On abandoning roads, regional transit & city survey


There has been a lot of activity and some issues could use a little more information and clarity.

On the special use permit removal and caps, the vote was 4-1 to not approve. But do not make the mistake of thinking that means all want it to remain or support big boxes. There are other reasons I have exercised myself, such as having the ability to bring an agenda item back before six months have transpired.

As for the issue of “flexibility,” the examples of what was gained in the CCD negotiations were cited. That was in reality a reason against flexibility.

The council majority had to give to get the increased berms, setbacks, etc. With the transition yard ordinance and changes to other setback and landscaping ordinances I pushed and were passed, those items are now mandated.

In the past a big problem developers have had is our lack of clarity due to ordinances having “flexibility.” They made it very clear it discouraged, not encouraged, coming here. The current 54 West site developer has made it clear they want to know up front where Council is on an issue, not go through a lot of cost, time and effort only to find out the answer is no. Hardly an argument for flexibility or to encourage development.

Nor is setting legal precedence that enables a lawsuit something good. Personal opinion does not qualify as law in a court. We have have lost lawsuits, such as the Lowe’s case, because of Council’s wanting to have the right to pick and choose what they want. CCD is precedence, make no mistake about it.

Relating that to the current 54 West site proposal there is no option on the setbacks, berms, etc. In example, the rear setback began at 75 feet with berms and landscaping that screen the development from Cardiff [Park]. Nothing had to be given away to get those points.

On the road abandonment the city attorney did agree with Councilman [Eric] Imker that Council could declare the roads didn’t have “public purpose.” But he also agreed with me in court, as has happened, they could declare the abandonment illegal because the roads did have public purpose and/or they were abandoned to enable a developer.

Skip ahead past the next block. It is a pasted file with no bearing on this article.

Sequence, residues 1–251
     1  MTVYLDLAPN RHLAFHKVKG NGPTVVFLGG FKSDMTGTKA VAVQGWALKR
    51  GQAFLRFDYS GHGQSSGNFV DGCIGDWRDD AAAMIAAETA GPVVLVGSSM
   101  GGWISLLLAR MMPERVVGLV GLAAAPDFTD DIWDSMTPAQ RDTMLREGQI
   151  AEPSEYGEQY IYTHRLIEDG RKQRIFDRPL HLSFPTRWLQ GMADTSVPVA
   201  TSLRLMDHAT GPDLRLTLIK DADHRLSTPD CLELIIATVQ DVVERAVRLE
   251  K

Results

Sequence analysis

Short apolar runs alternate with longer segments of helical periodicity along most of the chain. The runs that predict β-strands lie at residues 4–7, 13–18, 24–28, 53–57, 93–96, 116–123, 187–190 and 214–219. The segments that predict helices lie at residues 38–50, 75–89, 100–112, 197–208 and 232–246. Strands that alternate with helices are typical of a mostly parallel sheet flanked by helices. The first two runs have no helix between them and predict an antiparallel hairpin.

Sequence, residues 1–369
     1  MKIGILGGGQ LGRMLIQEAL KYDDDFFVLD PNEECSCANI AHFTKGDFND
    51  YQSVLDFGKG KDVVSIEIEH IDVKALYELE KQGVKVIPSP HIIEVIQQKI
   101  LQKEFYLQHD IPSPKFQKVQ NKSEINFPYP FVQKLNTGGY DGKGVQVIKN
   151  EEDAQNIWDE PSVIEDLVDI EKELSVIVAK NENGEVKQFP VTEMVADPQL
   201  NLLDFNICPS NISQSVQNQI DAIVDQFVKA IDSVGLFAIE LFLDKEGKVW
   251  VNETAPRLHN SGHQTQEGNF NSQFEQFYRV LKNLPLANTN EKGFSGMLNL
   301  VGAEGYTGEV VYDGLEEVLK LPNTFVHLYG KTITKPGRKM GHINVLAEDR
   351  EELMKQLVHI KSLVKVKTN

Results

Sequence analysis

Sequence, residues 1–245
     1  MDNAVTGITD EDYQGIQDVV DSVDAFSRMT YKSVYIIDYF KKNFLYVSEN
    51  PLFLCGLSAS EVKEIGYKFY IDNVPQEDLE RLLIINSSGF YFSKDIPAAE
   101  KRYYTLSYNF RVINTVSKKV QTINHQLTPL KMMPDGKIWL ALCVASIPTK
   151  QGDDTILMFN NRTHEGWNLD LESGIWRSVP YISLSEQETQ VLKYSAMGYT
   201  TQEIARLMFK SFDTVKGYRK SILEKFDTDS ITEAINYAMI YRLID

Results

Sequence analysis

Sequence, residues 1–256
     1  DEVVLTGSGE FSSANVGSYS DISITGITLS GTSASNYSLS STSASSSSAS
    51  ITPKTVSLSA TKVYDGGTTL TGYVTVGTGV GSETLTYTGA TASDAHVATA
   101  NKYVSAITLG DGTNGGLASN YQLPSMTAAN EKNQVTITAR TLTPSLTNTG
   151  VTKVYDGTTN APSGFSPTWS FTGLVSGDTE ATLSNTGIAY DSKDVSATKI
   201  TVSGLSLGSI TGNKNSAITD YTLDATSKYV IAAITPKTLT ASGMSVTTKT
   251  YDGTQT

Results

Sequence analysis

On the abandonment Planning Commissioner David Conner suggested moving Line Creek Circle to be able to preserve our future ability to put in the South Secondary Road, the public purpose I cited for just abandoning being illegal, and allow a better development. I concurred that would make the issue legal, as stated by law, and was in fact something I had been able to get added to the CCD SUP Agreement.

The LAI engineer remembered the addition to CCD and agreed to it.

As well, there was a recognition of my point GDOT was not going to allow carts to cross Hwy. 54. So an effort will be made to gain access to the MacDuff [Parkway] signal via an extension of the relocated road, in keeping with the Peachtree City Transportation Plan and the 2001 LCI 54 West Master Plan.

This does not mean a connection to Planterra Way is being asked for. It does not mean if one were asked for it would be approved. I, for one, would say either the whole Southern Secondary Road or nothing. We must take into account the impact on Planterra Way traffic.

Also, it does not mean this site is planned or approved. It means the Planning Commission and developer now have a lot more information with which to work and negotiate. The City Council is now out of the process until something comes forward to us or the proposal is withdrawn.

Moving on to a recent comment attributed to [Fayette County] Commissioner [Robert] Horgan that said Peachtree City lost funding for the Crosstown/Peachtree Parkway and the West Gateway bridge due to my comments about leaving ARC. Completely false.

In a communication with GDOT, by another party, the accusation was denied and the newspapers printing it notified. As well, those projects were put on the at risk list prior to my bringing up the proposal. Even further, pro-TSPLOST cities also had projects put on the list and subsequently lost funding.

Regarding the TSPLOST, anyone following the issue knows I oppose it and thought it was best to leave ARC. Everything that has occurred since confirms that opinion was correct.

[Fayetteville] Mayor [Kenneth] Steele said he supported changing the criteria for paths from non-motorized to motorized, meaning golf carts. Yet he made a motion to approve the criteria as written.

Now he says he wants to change the criteria to include golf carts and get regional funding. But the criteria is already submitted and approved.

Several of the road projects in the county transportation plan made no sense until I attended the Neighborhood Plan 2040 meeting hosted by the Civic League, where ARC representatives were present.